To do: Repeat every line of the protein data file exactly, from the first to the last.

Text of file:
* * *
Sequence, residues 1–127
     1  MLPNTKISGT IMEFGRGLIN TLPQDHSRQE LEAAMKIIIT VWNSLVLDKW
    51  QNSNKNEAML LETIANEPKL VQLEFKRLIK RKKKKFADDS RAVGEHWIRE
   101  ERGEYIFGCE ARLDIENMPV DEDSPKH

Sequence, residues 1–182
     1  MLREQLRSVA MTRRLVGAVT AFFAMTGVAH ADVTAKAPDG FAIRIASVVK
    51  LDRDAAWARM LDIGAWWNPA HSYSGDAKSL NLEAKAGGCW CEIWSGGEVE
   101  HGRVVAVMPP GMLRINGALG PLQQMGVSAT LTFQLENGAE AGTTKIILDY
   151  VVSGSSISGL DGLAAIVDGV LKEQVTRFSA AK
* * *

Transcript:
Sequence, residues 1–127
     1  MLPNTKISGT IMEFGRGLIN TLPQDHSRQE LEAAMKIIIT VWNSLVLDKW
    51  QNSNKNEAML LETIANEPKL VQLEFKRLIK RKKKKFADDS RAVGEHWIRE
   101  ERGEYIFGCE ARLDIENMPV DEDSPKH

Sequence, residues 1–182
     1  MLREQLRSVA MTRRLVGAVT AFFAMTGVAH ADVTAKAPDG FAIRIASVVK
    51  LDRDAAWARM LDIGAWWNPA HSYSGDAKSL NLEAKAGGCW CEIWSGGEVE
   101  HGRVVAVMPP GMLRINGALG PLQQMGVSAT LTFQLENGAE AGTTKIILDY
   151  VVSGSSISGL DGLAAIVDGV LKEQVTRFSA AK